Odd and Even — Will it work in Delhi


Odd and Even — Will it work in Delhi

Here’s the deal.  Delhi is one of the most congested and polluted cities on the planet. In order to take some drastic action, its government decided to do a 15 day trial of allowing only drivers with odd ending license plates drive on odd days and even on even days. How did it go?

Some things looked up:  Pollution levels were down, although still at an ‘unsafe’ level and traffic was lighter.

However  On day one, false license plates were available. Either a complete plate, or just one number to change the last number. They were selling like hotcakes. (Note: In many countries, including India, license plates are not provided by the government, but are manufactured by private firms on the request of the motorist. They are supposed to provide official documents when the plates are ordered.) Parking facility operators demanded that the city reimburse them for lost revenue.

In addition, drivers were offering rides to those who couldn’t drive on a particular day, but were charging very high rates to take people into town. Taxi rates were also increased.

There was one interesting question — is “0” odd or even. It seems obvious but people need to be given that information up front.

One comment from the local press was that the city was trying to institute rules when most drivers don’t follow the existing ones. This appears to be a major enforcement and cultural issue.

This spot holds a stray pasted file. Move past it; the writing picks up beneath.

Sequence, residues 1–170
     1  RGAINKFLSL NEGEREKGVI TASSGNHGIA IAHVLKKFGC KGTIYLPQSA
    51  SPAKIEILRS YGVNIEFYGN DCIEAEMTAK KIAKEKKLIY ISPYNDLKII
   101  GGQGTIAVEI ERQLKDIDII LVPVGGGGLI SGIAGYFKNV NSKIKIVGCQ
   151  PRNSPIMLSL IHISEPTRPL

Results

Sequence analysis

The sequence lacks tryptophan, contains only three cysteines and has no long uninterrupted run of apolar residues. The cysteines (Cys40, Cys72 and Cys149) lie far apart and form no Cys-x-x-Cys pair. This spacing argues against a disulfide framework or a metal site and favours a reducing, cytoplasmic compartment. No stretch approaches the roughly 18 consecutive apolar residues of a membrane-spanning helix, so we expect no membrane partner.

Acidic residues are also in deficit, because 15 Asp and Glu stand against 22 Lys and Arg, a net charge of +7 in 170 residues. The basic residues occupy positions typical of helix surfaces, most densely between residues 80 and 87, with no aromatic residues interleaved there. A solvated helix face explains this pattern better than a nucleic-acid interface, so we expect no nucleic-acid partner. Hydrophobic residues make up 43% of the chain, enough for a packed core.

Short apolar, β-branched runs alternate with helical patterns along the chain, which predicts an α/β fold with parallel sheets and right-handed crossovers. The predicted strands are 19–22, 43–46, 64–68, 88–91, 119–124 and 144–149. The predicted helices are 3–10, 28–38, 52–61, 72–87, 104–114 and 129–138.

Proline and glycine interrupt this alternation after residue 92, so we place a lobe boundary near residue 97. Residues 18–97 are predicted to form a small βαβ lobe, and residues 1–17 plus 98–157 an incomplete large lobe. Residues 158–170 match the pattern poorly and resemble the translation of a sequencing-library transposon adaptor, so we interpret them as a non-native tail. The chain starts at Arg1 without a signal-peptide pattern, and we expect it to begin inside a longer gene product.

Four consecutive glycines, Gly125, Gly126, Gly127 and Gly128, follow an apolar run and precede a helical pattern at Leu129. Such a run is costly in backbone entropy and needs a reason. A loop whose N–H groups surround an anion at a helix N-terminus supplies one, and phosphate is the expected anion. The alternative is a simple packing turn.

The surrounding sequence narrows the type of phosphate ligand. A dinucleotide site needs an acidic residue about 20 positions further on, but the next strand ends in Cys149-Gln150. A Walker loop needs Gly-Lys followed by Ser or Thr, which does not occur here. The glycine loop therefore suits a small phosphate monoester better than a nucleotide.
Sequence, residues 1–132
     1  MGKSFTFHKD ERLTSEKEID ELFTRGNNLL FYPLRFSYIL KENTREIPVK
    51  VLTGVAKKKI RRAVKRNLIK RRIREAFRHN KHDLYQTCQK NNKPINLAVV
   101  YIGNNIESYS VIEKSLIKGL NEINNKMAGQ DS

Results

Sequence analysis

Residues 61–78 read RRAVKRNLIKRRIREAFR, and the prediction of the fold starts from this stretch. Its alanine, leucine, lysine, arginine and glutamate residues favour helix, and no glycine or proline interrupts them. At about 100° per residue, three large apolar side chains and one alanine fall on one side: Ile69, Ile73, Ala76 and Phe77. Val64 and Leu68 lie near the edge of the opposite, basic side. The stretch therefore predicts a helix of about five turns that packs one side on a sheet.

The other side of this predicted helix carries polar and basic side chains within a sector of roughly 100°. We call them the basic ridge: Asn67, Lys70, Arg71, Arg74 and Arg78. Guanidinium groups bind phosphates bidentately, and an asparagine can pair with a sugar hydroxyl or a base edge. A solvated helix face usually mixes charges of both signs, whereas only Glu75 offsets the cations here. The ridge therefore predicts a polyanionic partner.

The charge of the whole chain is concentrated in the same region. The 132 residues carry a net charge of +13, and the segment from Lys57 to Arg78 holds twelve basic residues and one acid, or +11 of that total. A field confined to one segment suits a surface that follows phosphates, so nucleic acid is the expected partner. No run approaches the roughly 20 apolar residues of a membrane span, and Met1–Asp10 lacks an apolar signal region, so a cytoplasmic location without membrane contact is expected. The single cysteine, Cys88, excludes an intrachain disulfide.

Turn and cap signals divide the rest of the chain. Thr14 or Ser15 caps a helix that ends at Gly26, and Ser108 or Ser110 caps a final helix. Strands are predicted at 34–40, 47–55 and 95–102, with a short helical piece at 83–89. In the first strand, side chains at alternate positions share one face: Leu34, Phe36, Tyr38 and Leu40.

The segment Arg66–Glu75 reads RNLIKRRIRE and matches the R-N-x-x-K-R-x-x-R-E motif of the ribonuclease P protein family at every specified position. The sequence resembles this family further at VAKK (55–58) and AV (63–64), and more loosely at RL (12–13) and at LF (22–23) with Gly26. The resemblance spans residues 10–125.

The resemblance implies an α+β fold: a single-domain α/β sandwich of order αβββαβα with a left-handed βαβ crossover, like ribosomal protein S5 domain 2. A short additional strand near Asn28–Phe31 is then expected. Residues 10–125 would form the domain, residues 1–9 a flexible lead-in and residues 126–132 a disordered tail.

The “odd-even” has worked in some cities including Beijing, Paris, and many cities in Latin America. In most of them, compliance levels has been high since people saw the need and a positive result. Plus there was a high level of public transportation available.

Emerging economies are caught in a double bind. They are growing rapidly and the rapid growth often equals pollution.  Coal based power plants are cheapest and work. But regulations don’t require the least polluting be built. The same is true of automobiles, two cycle engines that mix oil and gas, and trucks. The infrastructure isn’t built for the crush of autos that take to the road as the standard of living is increased.

Stopping the development in its tracks isn’t politically popular or desirable, but the resulting air and water pollution is destroying the population.

During the industrial revolution, cities like London were unlivable. It took killer fogs to cause the changes that were necessary (reducing the use of soft coal, for instance) to clean the air.

Cities like Delhi, Shanghai, Beijing, Mexico City, Bangkok, and others will have to shortly make hard decisions. “Odd-Even” is one way to begin, but its not the end all solution. These cities and the countries that surround them will, as their population grows more successful (read that richer) begin to find ways to cut their pollution without throwing the baby out with the bathwater.

It took the England 150 years to get to the point where they were forced to clean up their act, these countries will move quicker.  They will make decisions on their own, in their best interest.

Just as the free market is made up of millions of tiny decisions made every day at the lowest level, environmental clean up will be done the same way. The Chinese, Indians, Mexicans and Thais are smart and wise. They will fix the problem. The best thing we can do is offer help when asked and otherwise bug out.



Picture of John Van Horn

John Van Horn

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